Westchester Medical Center’s cath lab is a 5-lab facility with 8 ambulatory beds. The lab performs approximately 7,000 diagnostic and interventional procedures annually. Prior to June 2000, the standard of care for achieving hemostasis of the femoral artery was manual compression. The CCL was operating at 100% capacity and was still unable to meet the demand for bed space. WMC implemented a femoral artery closure program using the Perclose system (Abbott Vascular Devices, Redwood City, CA) in order to assess the clinical safety of the device and to investigate the potential to reduce the need for overnight admissions for those patients with late afternoon cases. The outpatient recovery area was not staffed after 7:00 pm. Patients having diagnostic angiography procedures after 2:00 pm were admitted for an overnight stay that resulted in an average of 15 overnight admissions per month. This was costly, and utilized valuable staff time and bed space. Furthermore, spending unnecessary time in the hospital can be taxing on patients and their families. Implementation of an arterial closure program was expected to increase the available bed space, improve patient care and patient satisfaction.
The CCL had to work within the existing limitations of the hospital structure to find creative ways to improve patient turnover while containing costs. The objective of the arterial closure program was to limit the number of diagnostic patients forced to stay overnight due to manual compression ambulation protocols and to increase the number of outpatient procedures per day. Prior to the implementation of this program, procedures such as pacemaker implants, which can be performed in the CCL, were being done in the operating room (OR) due to a lack of available space in the CCL recovery area. A suture-based closure device was chosen because it permits faster patient discharge without increasing complication rates.1-3 Patients are eligible for discharge in 1-2 hours after a diagnostic catheterization with Perclose versus 4-6 hours after receiving manual compression.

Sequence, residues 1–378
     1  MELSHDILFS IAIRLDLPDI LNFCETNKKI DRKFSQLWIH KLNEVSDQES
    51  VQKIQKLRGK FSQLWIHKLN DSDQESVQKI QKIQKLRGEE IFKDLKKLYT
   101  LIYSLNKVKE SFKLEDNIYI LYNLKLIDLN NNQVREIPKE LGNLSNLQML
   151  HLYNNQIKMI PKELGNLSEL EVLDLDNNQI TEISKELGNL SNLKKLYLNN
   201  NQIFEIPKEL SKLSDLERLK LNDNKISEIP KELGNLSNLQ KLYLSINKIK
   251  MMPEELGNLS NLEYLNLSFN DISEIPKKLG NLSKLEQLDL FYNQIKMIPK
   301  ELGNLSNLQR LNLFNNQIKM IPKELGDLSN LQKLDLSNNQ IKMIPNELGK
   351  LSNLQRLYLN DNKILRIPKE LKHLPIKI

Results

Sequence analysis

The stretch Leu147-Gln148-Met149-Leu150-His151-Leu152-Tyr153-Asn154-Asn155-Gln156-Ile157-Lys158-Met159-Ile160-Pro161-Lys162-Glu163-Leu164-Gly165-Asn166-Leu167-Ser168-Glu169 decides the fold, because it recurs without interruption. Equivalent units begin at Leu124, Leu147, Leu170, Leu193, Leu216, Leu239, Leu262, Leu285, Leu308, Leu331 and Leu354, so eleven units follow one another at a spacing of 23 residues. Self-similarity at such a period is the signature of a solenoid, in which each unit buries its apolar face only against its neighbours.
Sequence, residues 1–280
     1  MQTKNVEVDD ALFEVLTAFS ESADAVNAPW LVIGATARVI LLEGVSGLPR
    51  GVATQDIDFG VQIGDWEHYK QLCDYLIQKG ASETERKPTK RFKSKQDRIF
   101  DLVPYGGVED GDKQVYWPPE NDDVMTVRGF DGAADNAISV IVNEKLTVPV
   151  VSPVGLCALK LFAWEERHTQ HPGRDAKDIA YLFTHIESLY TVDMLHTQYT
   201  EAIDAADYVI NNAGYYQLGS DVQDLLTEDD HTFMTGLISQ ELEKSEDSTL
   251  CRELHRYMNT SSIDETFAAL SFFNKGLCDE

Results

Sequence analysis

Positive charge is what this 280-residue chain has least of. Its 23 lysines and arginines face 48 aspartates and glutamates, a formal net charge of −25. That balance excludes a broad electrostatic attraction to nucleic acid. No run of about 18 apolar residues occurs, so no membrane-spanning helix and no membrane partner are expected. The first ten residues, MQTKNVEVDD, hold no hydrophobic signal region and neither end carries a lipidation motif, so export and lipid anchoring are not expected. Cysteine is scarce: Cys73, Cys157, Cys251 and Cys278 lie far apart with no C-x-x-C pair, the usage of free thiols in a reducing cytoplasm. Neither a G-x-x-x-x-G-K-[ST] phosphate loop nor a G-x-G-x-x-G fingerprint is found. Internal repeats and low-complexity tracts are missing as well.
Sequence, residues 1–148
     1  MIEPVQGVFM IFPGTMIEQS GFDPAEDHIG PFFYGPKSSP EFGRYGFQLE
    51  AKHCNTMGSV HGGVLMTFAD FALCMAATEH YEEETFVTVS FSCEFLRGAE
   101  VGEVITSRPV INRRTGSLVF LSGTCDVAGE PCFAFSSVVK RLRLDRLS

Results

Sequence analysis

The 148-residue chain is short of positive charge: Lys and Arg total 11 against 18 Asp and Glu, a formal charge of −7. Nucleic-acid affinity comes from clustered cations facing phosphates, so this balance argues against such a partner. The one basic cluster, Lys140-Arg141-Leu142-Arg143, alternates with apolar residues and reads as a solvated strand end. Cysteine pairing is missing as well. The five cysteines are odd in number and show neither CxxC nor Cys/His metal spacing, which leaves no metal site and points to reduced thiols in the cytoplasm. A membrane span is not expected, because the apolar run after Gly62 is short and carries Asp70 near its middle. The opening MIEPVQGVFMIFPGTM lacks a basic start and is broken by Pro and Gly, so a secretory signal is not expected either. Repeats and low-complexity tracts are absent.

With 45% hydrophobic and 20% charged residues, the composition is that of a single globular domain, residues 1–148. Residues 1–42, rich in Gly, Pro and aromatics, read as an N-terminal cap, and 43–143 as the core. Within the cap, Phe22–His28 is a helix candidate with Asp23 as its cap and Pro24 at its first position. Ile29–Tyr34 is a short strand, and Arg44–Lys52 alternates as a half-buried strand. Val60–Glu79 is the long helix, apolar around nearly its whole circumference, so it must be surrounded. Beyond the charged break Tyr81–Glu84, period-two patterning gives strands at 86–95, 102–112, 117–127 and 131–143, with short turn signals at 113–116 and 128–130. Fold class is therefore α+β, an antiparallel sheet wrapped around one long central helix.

Utilization of the Perclose system was instituted at Westchester Medical Center in June 2000. The first step in the program was physician and staff training. Physicians planning to use the device received proctorship from a certified Perclose representative and educational training sessions were held for cardiac cath lab staff, recovery area personnel, and floor nurses. Upon completion of the 10-case training process, physicians received certification to use the device.
Adoption of the Perclose system from manual compression was gradual. Initially, two days per week were dedicated to physicians using Perclose and patients were chosen selectively. Once efficiency was demonstrated, use of Perclose increased to include multiple operators. Within 6 months, the device was used for all eligible diagnostic and interventional cases.